Since in RWD form the car will be eligible for DSR competition, the effectiveness of the aero will determine whether it's just a nice low-cost entry level racer (a trackday car you can also race) or an all-time bargain :) The bar is set very high in that class with front-running Stohr cars being only 4-5 seconds off LMP1 times at PIR so I'm not underestimating what I'm up against. Of course whatever I end up with for the first attempt will not be set in stone and the overall chassis architecture allows a lot of opportunity for different aero configurations. So even if I don't hit it spot-on the first time there will be a path to move forward. But it would be cool if it were competitive right out of the box. Gives me something to shoot for.

06/14/09 Some of the preliminary CFD results are in, thanks to Richard at AlignedCAE, so I thought I'd post some initial observations.

With the asymmetrical nature of the dp4 and the proximity of the driver to the trailing edge, one would generally expect some aero consequences. It is interesting to see just how much effect there is though - on the driver side, the diffuser flow is not only stopped but reversed for a good portion of it due to the turbulence behind the cockpit (all images courtesy AlignedCAE).

The last image in particular shows the effectiveness of strakes - the center section of the car, between the two strakes, maintains low pressure a lot further back. The 'dual phase' diffuser that's present in the center only is also interesting in regards to the additional low pressure generated and shows its potential as a tuning tool.

This is only a first set of results, at 50 mph and zero pitch, but it already shows several areas that need work. I definitely have to figure out a way to reduce the effect of the cockpit on the airflow - the 'fairing' behind the driver is doing a lot more harm than good and if I were doing it again I'd leave it out. Now I need to figure out how to make it work for me and not against me. The data also shows that additional strakes in the diffuser could be quite beneficial.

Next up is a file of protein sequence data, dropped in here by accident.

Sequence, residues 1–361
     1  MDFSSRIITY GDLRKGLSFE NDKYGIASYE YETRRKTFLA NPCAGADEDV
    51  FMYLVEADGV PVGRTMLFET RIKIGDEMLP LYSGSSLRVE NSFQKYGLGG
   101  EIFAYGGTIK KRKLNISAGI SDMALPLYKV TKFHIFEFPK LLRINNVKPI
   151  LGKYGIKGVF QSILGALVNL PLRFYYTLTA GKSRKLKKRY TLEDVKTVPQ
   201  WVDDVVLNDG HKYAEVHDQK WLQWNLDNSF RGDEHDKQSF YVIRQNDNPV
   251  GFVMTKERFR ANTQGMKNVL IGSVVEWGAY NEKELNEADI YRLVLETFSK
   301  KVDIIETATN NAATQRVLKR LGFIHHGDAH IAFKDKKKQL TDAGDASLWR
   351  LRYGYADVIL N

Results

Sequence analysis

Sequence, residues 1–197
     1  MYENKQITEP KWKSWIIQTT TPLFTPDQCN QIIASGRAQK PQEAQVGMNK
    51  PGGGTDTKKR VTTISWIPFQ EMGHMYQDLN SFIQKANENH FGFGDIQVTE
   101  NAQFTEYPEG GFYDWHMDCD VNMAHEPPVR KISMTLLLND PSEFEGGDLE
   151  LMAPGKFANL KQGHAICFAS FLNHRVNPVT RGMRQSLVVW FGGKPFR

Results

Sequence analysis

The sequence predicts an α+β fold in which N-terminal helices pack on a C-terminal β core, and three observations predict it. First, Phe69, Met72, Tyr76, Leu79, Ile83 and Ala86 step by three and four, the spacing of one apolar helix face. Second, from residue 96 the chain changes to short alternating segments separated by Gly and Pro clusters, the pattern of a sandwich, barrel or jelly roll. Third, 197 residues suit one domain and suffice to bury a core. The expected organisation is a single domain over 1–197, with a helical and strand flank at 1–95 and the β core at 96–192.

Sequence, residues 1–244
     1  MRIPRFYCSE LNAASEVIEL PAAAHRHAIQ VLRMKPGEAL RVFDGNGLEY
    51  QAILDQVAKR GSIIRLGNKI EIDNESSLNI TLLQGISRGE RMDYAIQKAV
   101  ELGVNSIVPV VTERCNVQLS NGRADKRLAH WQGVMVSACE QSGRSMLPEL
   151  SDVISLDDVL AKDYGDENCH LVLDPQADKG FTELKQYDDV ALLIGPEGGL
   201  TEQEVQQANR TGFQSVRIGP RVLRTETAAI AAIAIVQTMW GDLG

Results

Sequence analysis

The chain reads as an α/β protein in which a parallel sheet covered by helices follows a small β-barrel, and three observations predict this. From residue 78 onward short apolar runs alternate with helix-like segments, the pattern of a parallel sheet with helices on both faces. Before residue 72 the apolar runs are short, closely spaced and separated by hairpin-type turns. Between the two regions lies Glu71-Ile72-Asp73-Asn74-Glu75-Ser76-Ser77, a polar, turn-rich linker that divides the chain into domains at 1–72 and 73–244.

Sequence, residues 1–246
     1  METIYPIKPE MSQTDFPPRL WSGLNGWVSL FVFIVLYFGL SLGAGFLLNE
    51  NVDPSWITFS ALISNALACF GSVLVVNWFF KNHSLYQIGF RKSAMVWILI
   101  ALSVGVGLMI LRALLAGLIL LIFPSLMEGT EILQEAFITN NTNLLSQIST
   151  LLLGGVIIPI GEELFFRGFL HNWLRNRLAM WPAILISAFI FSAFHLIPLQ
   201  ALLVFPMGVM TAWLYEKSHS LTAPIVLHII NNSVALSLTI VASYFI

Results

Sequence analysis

It is pretty easy to see how the visualisation is helpful in anticipating and (hopefully) addressing any issues. If I had to figure out what's going on without CFD to help me it would be a lot more difficult, a guessing game at best. Finding solutions and optimizing the design is still up to me (although there are some numerical optimization techniques available, they are outside the scope of what I'm doing here). This at least gives me an idea of what needs to be done, where and why.

There will be more posts as work progresses...

06/24/09 We are now building the chassis. Suspension arms are first because the fixtures are already done and it's an easy part on which to sort out some processes and test the tools.

Speaking of tools, the second picture shows the DeWalt 18" cold saw - the thing is awesome. Fast, clean and accurate. Cuts through chromoly and stainless like it's nothing.

After we get the A-arms built the chassis fixturing and then the chassis itself are next. I'm thinking of trying black zinc coating on the arms instead of powdercoat - will be curious to see how that works out.

06/25/09 While we're working on the chassis and suspension, the first real dp4 body is now out of the mold at Contactscale. Here are a few pictures from Contactscale's new facility at Moffett Field, with the dp4 body sitting in front of Hangar One.

One of the world's smaller cars in front of one of the world's larger buildings. Kinda neat.

Work is also progressing on the underbody mold. More on that later.